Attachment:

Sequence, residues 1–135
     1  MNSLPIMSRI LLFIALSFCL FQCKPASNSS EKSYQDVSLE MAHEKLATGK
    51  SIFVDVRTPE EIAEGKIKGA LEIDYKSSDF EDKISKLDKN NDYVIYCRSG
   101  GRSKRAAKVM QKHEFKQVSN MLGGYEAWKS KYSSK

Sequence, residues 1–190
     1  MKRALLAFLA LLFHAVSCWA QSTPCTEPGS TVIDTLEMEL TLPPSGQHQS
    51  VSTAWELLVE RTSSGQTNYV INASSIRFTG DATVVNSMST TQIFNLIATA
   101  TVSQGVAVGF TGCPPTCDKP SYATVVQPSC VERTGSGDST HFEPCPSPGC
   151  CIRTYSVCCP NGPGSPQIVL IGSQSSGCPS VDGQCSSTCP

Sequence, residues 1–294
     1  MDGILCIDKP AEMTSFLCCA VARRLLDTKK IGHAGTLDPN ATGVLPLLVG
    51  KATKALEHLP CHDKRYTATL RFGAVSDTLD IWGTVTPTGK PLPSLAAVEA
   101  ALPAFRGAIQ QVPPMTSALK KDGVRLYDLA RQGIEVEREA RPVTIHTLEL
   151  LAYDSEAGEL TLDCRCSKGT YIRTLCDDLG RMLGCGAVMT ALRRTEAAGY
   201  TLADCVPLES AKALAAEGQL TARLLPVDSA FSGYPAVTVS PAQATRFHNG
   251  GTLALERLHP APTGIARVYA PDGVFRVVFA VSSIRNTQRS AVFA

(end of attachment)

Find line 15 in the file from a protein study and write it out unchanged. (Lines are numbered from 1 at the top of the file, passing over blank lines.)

   201  TLADCVPLES AKALAAEGQL TARLLPVDSA FSGYPAVTVS PAQATRFHNG